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Advocate VII

The Cost of Plugins

Hi Everyone,

 

Just thought I'd open this topic for your thoughts.  As a WordPress user and web devsigner (saw this term in a godaddy garage article), I rely heavily on plugins.  I try to conduct due diligence before recommending and using the plugins.  Of course the consideration of cost almost always comes in.  From the profit-making side, we all want to keep costs down as much as possible.  And here comes the core of the question. 

 

Because many plugins (and themes) are based on the GPL licensing structure, how safe and ethical is it to use some of the plugin subscriptions that provide tons of resources at a ridiculously low price? Here is an example -- http://www.woogang.com

 

On first glance, it appears its a great deal and the explanations of how it works can be seen by just doing a search on woogang or woogang.com  Keep in mind there are other sites/services that operate exactly the same way. 

 

Here's my take - in the GPL license you are free to modify the code as you see fit.  The importance of this becomes apparent in that someone can provide you a perfectly functional plugin, but within the execution other things, some being malicious, can be embedded.  Since I do not want to take the time, nor am I a strong enough programmer, to fully examine the intracasies of the code I steer clear. 

 

Part two of this, in providing support to my clients I need the support that is offered through the original authors.  Most of the GPL subscriptions do not supply any sort of support.  If something goes wrong and I cannot figure it out, I need the pros!  Yes, it does cost, but it is my responsibility to my client that they get what they pay for when the site is deployed.  I could write a customer care plan that has the "as-is" clause in it, but I just don't like delivering a business tool for a customer that may be subject to problems.

 

Looking forward to what our community has to say about these GPL subscription sites!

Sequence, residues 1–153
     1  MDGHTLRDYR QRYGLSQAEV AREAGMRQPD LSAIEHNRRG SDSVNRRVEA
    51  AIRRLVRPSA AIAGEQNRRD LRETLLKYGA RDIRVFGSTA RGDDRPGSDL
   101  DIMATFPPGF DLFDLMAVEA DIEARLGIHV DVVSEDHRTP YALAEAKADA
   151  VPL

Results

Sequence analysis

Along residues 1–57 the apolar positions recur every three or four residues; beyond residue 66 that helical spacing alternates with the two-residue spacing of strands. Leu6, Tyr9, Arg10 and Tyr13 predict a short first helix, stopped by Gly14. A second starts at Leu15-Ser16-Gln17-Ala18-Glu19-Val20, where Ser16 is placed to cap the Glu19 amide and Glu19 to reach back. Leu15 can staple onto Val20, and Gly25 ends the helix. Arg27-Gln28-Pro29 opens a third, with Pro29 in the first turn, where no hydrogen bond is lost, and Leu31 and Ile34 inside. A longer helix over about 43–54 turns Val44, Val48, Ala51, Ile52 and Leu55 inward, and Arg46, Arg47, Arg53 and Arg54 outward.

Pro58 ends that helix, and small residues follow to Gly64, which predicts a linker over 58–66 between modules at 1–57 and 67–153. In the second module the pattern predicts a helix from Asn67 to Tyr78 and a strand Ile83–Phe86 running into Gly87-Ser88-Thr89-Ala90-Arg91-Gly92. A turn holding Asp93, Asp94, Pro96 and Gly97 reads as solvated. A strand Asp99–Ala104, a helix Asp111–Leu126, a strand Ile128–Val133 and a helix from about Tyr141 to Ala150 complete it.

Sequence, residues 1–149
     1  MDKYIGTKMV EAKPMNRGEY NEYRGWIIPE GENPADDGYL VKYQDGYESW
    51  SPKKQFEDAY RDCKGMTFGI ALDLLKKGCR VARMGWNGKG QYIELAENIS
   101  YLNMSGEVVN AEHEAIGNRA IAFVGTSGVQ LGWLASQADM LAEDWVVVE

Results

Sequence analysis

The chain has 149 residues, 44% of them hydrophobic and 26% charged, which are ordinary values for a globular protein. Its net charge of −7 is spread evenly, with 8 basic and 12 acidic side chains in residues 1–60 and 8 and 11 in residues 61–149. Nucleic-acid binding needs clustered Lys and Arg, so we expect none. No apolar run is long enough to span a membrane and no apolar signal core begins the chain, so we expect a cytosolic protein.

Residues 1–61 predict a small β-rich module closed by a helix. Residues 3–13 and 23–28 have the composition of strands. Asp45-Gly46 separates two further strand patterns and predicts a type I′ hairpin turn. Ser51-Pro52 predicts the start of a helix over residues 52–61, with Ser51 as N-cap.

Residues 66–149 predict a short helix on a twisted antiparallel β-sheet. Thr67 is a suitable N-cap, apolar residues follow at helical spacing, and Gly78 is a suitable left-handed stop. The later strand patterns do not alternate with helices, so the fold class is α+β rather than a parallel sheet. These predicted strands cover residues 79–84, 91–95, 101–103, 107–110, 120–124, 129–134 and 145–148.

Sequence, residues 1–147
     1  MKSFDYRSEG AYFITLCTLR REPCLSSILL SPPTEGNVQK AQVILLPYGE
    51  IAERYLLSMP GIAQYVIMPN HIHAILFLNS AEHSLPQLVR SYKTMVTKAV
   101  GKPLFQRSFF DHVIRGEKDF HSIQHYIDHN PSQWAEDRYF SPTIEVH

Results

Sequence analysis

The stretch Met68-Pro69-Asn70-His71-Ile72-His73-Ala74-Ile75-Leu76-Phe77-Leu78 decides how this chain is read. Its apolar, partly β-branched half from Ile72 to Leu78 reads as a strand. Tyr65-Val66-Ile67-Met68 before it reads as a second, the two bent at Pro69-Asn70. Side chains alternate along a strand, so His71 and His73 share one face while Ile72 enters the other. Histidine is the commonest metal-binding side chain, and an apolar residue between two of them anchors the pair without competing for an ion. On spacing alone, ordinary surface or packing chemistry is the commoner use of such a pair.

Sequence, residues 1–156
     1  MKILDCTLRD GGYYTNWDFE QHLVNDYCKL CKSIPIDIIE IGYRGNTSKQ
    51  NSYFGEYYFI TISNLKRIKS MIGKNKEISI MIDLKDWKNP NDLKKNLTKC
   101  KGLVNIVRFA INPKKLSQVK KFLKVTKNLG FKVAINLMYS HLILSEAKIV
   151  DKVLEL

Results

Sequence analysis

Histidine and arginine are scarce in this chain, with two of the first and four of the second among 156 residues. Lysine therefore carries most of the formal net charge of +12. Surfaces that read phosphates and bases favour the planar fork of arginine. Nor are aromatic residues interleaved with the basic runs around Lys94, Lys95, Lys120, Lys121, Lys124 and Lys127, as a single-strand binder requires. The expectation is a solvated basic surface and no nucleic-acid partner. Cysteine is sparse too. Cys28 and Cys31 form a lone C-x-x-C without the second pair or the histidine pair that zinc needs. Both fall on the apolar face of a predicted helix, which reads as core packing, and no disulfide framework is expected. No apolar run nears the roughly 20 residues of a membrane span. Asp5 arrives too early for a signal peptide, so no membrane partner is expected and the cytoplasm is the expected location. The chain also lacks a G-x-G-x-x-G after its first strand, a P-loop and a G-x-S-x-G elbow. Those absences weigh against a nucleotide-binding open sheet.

James

Not Just Pretty Sites, Pretty Doggone Smart Sites
1 REPLY 1
Super User II Super User II
Super User II

So that you can understand where I am coming from I will first say that as a design firm we receive more money per year in maintenance subscriptions than we do for design. Typically our clients can spend between 5 to 10% of their total project cost in recurring maintenance costs. We complete around 30 to 70 new web projects per and have almost two hundred clients on maintenance plans. We now require that all of our web design clients commit to a maintenance contract.

Our goal is to provide our customer with the most unique and robust product to which we are capable. To that effort it is my view that plugins serve as a hindrance to our goal. Certainly there are robust and proven plugins but it is a literal wild west atmosphere with regard to plugins. In the past we have taken over plugins we thought useful that were abandoned by their authors but as a service to us and our client ANY plugin we use is gone through line by line. There is some really abnormal things in some of these plugins if you take a look. Not everything you find is malicious but certainly you will note things like, extra code, badly written code, bad documentation, strange calls, security problems... Sometimes (like in a lot of our plugins) you will just see a bit of easter egg in the code.

We often see a nice plugin, look into the code, read the license, contact the author and modify public licensed plugins to suit our needs. Sometimes we take over the plugin, sometimes we create a new version and occasionally we just fork the code and go in our own direction. We have even seen a premium plugin, liked the idea and the reengineered the code. I feel like all of that is fair to do, I'm only even contacting the author as a courtesy most of the time. The largest problem I have with plugins is they typically contain code that can be directly included it a template or theme. Plugins are great if your goal is to use a modularized layout but we generally will integrate those pieces.

I will also say that I do use WordPress but it is not my first choice in platform. WordPress is great for a lot of people but because of how my business is structured we don't see a lot of the benefits plugins provide. If there is a client request we will design and support WordPress based websites. Please understand that I am in no way bashing WordPress, it is just not my first choice as a platform.

I feel entirely responsible for any website under our maintenance and work to mitigate our exposure to risk, cost and liability. Sometimes that is manifest in our choice of platform, hosting, theme, template, plugin, client and other variables. I honestly don't see much room for the use of GPL plugins or themes in paid projects.

...turns out that my two cents is worth less or more depending on the current exchange rate.

roy darling *my posts seem a lot shorter in my head